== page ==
Tuesday, November 20, 2012

Tulsi Vivah in 2012

Tulsi Vivah is performed as a ceremony by Hindus
Tulsi Vivah in 2012 is on 25th November. Tulsi Vivah is one of the important festivals of Hindus. Tulsi is considered to be the Goddess in Hinduism. Tulsi Vivah marks the ceremonial wedding of the plant Tulsi or holy basil to the Hindu God Vishnu. The Vivah is performed anytime between the day of Prabodhini Ekadashi –the eleventh lunar day of the bright fortnight in the Hindu month of Kartik till the full moon of the month i.e. Kartik Purnima. Tulsi Vivaah is usually performed on the eleventh or twelfth lunar day in the month of Kartik. The Vivah of Goddess Tulsi marks the end of monsoon season and the beginning of the wedding season for Hindus. Tulsi is regarded very pious and considered as an incarnation of Goddess Mahalakshmi. In her incarnation she was born as Brinda (Vrinda).

Legend Behind Tulsi Vivah

Tulsi is a Goddess and considered as the wife of Lord Vishnu. Tulsi is also called as Vishnupriya, the beloved of Vishnu. Padma Purana contains the legend behind Tulsi Vivah. In Hindu mythology, the woman named Brinda was the Tulsi plant. She is also the synonym of Tulsi.  Brinda was married to the demon king, Jalandhar. She was heartily devoted to Lord Vishnu. Due to her devotion her husband became unconquerable. Even God Shiva, failed to defeat Jalandhar. Then Lord Shiva requested Vishnu, who is the preserver of trinity- to find a solution to defeat Brinda’s husband. Then Lord Vishnu disguised himself as Jalandar and reached Brinda and assaulted her. The chastity of Brinda was destroyed by Lord Vishnu. Jalandhar was then killed by Shiva. Vishnu was cursed by Vrinda and became black. He was also cursed to face separation from his wife. Vishnu was then transformed into a black Shaligram stone. In his incarnation as Lord Rama, he also faced separation from his wife. His wife Sita was kidnapped by Ravana and thus separated. Brinda was so embarrassed that she burnt herself in the funeral pyre of his husband and killed herself as a sacrifice by burning. Lord Vishnu transferred her soul to the plant, which later came to be known as Tulsi. Vishnu blessed Brinda to marry in the next birth. Vishnu, in the form of Shaligram, married Tulsi on the Prabodhini Ekadashi of Kartik month. This event is commemorated as Tulsi Vivah. Vishnu Puja is considered to be incomplete without Tulsi leaves. Therefore, Tulsi Vivah in 2012, like every year, is going to be celebrated with great fervor and joy.

Rituals Associated With Tulsi Vivah

The marriage of Tulsi and Vishnu is just like any Hindu wedding. The rituals and customs of Tulsi Vivah and Hindu marriage resembles each other. The marriage ceremony of Tulsi takes place at homes or temples. Most of the women observe fast on the day of Tulsi Vivaah till evening. A Mandap is built in the house just as in Hindu marriage around the Tulsi plant. It is believed that the soul of Vrinda resides in Tulsi at night and leaves it as the dawn arrives. Tulsi is clothed as a bride in a red sari and beautiful ornaments that includes earrings and necklaces. A face made of paper is attached to the plant and bindi is applied to the face along with the nose ring. The groom is the picture or idol of Lord Vishnu. A Shaligram stone can also be used. The image of Vishnu is clothed in cotton dhoti. Tulsi and Vishnu are bathed and both are decorated with flower garlands. Just as in Hindu marriage a knot is tied between bride and groom, in Tulsi Vivaah a knot from thread is tied between Tulsi and Vishnu.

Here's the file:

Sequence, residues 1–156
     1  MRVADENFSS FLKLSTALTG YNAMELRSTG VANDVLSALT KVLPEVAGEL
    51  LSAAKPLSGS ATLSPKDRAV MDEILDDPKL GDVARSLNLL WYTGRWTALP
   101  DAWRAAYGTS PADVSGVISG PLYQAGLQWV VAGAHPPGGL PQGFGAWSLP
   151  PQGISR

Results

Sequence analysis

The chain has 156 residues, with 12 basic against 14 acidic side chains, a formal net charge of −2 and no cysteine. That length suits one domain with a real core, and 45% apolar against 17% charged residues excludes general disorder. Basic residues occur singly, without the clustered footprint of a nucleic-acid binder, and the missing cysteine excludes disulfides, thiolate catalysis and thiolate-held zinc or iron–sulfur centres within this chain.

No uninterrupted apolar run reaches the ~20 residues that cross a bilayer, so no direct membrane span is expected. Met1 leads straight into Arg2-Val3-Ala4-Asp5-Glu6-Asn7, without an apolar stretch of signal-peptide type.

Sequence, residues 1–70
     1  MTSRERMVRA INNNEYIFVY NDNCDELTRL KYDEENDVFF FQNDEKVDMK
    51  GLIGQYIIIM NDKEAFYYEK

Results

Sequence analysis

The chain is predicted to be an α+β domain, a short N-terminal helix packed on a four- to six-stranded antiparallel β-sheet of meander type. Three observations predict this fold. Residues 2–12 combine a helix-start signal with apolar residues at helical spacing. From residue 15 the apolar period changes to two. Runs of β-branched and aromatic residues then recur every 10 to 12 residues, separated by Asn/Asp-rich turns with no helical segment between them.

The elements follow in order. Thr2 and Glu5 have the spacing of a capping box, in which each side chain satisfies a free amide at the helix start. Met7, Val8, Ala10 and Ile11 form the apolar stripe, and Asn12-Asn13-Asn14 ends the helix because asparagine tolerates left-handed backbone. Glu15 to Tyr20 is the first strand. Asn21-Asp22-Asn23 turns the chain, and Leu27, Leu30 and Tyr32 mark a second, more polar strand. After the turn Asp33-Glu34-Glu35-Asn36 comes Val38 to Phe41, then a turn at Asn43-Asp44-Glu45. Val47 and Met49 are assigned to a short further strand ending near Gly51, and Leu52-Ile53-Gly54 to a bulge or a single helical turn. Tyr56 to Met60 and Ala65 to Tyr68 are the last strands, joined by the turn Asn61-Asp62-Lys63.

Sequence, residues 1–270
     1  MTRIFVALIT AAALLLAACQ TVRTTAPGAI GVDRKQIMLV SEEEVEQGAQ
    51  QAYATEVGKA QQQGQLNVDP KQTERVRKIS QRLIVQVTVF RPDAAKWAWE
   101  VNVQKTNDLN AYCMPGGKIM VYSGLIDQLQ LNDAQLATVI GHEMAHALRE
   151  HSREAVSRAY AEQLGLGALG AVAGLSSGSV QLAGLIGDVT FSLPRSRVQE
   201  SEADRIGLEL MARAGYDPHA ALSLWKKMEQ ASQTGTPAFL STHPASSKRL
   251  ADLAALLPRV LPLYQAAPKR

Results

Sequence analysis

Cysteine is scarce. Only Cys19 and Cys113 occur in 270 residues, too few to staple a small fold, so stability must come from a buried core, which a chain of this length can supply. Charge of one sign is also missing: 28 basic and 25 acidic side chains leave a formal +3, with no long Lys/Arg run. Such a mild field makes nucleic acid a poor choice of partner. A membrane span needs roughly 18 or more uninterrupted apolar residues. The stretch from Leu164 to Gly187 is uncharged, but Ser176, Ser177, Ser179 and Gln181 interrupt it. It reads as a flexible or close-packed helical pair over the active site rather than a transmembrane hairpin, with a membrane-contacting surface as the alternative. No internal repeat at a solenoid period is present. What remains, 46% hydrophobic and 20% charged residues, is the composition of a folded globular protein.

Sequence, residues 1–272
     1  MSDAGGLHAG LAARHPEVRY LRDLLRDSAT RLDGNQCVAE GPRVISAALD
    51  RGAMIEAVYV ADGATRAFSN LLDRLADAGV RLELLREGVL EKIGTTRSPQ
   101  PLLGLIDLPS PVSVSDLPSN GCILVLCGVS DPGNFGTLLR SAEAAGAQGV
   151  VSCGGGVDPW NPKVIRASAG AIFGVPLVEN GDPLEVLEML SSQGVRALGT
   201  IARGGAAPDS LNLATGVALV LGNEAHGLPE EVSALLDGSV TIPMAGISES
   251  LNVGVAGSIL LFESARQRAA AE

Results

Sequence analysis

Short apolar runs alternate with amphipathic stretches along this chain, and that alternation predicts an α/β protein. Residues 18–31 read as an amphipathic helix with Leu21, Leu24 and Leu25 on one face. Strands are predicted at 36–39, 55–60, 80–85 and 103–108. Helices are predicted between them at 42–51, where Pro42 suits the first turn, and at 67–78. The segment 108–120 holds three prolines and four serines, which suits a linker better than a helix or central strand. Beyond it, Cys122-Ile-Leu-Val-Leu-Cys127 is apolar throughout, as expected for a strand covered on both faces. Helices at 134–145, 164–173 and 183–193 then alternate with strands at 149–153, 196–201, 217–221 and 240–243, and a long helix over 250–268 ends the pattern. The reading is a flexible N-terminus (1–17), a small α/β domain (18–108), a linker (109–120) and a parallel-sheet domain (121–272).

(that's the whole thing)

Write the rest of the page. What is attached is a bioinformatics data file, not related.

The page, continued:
Like every year, the wedding mantras will be chanted during Tulsi Vivah in 2012. Chanting the wedding Mantras is very important to make a marriage complete. Without chanting Mantra, the wedding is said to be formally incomplete. At last, vermillion and rice are sprinkled on Tulsi and Vishnu and the wedding ceremony is concluded with the word ”Savadha”, meaning “you are united now”. Lord Vishnu is offered sandalwood paste, a sacred thread and clothes. The bride Tulsi is offered saris, turmeric, vermillion (Roli) and a wedding necklace, known as “Mangalsutra”.

Delicious sweets are made and food preparations are done. A prasad is also offered to the people, usually made up of coconuts, sugarcane and fruits.

On Tulsi Vivah, the marriage ceremonies that take place are identical to Hindu marriage. At some places, Tulsi Vivaah is more elaborate. Lord Vishnu comes with “Baraat” to the bride Tulsi’s place and after the marriage; he heads back to his land with the plant Tulsi.

Tulsi Vivaah is celebrated with great zeal and devotion by Hindus. The Tulsi Vivah marks beginning of wedding season in Hinduism. The holy basil or Tulsi is given a special important place in almost all the religious ceremonies in Hinduism. Tulsi represents purity, tranquility, serenity, peace, happiness, prosperity and good health. Meaning of word Tulsi is “incomparable”. She is held sacred to the Gods Vishnu as well as Krishna, the another incarnation of Lord Vishnu.

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